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This article in JEQ

  1. Vol. 22 No. 3, p. 392-402
     
    Received: June 19, 1992


    * Corresponding author(s):
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doi:10.2134/jeq1993.00472425002200030002x

Occurrence of Nitrate in Groundwater—A Review

  1. R. F. Spalding * and
  2. M. E. Exner
  1. W ater Center and Agronomy Dep., Institute of Agric. and Nat. Res., Univ. of Nebraska, Lincoln, NE 68583-0844
    C onservation and Survey Div., Institute of Agric. and Nat. Res., Univ. of Nebraska, Lincoln, NE 68583-0844.

Abstract

Abstract

The results of federal, state, and local surveys, which included more than 200 000 NO3-N data points, are summarized in this review of NO3 in groundwater in the USA. The levels of NO3-N are associated with source availability and regional environmental factors. In regions where well-drained soils are dominated by irrigated cropland, there is a strong propensity toward the development of large areas with groundwater that exceeds the maximum contaminant level of 10 mg/L NO3-N. Most of these areas are west of the Missouri River where irrigation is a necessity. Aquifers in highly agricultural areas in the southeastern USA reportedly are not contaminated. Vegetative uptake and denitrification in this warm, wet, C-rich environment are responsible for the natural remediation of NO3 in shallow aquifers. In the Middle Atlantic states and the Delmarva Peninsula, localized contamination occurs beneath cropped, well-drained soils that receive excessive applications of manure and commercial fertilizer. Extensive tile drainage has for the most part prevented a NO3 problem in the groundwater of the Corn Belt states. Throughout the USA there are recurring themes. They include a decrease in NO3-N levels with depth; lower NO3-N levels in shallow wells (< 8 m); and a significant increase in NO3-N in older wells and in wells with poor construction. The factors affecting the distribution of NO3 in aquifers are complex and poorly understood. Interdisciplinary studies using discrete depth sampling, hydrogeological indicators, isotopic tracers, and microbiological techniques are necessary to unravel the complex dynamics.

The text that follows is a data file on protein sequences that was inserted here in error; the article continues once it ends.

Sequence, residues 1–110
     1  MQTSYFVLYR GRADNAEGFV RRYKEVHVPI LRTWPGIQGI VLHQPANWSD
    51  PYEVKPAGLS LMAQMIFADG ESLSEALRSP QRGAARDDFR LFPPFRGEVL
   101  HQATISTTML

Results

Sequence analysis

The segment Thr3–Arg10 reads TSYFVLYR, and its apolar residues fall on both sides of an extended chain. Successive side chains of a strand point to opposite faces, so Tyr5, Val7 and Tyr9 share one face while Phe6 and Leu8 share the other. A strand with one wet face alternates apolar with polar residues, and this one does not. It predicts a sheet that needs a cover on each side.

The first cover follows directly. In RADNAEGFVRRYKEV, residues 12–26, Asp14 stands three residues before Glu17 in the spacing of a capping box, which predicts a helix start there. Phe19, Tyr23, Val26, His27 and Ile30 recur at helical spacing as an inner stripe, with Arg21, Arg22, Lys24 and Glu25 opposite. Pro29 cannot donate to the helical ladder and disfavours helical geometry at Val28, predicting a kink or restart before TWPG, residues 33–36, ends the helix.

Journal Series no. 9975, Agric. Res. Div., Univ. of Nebraska.

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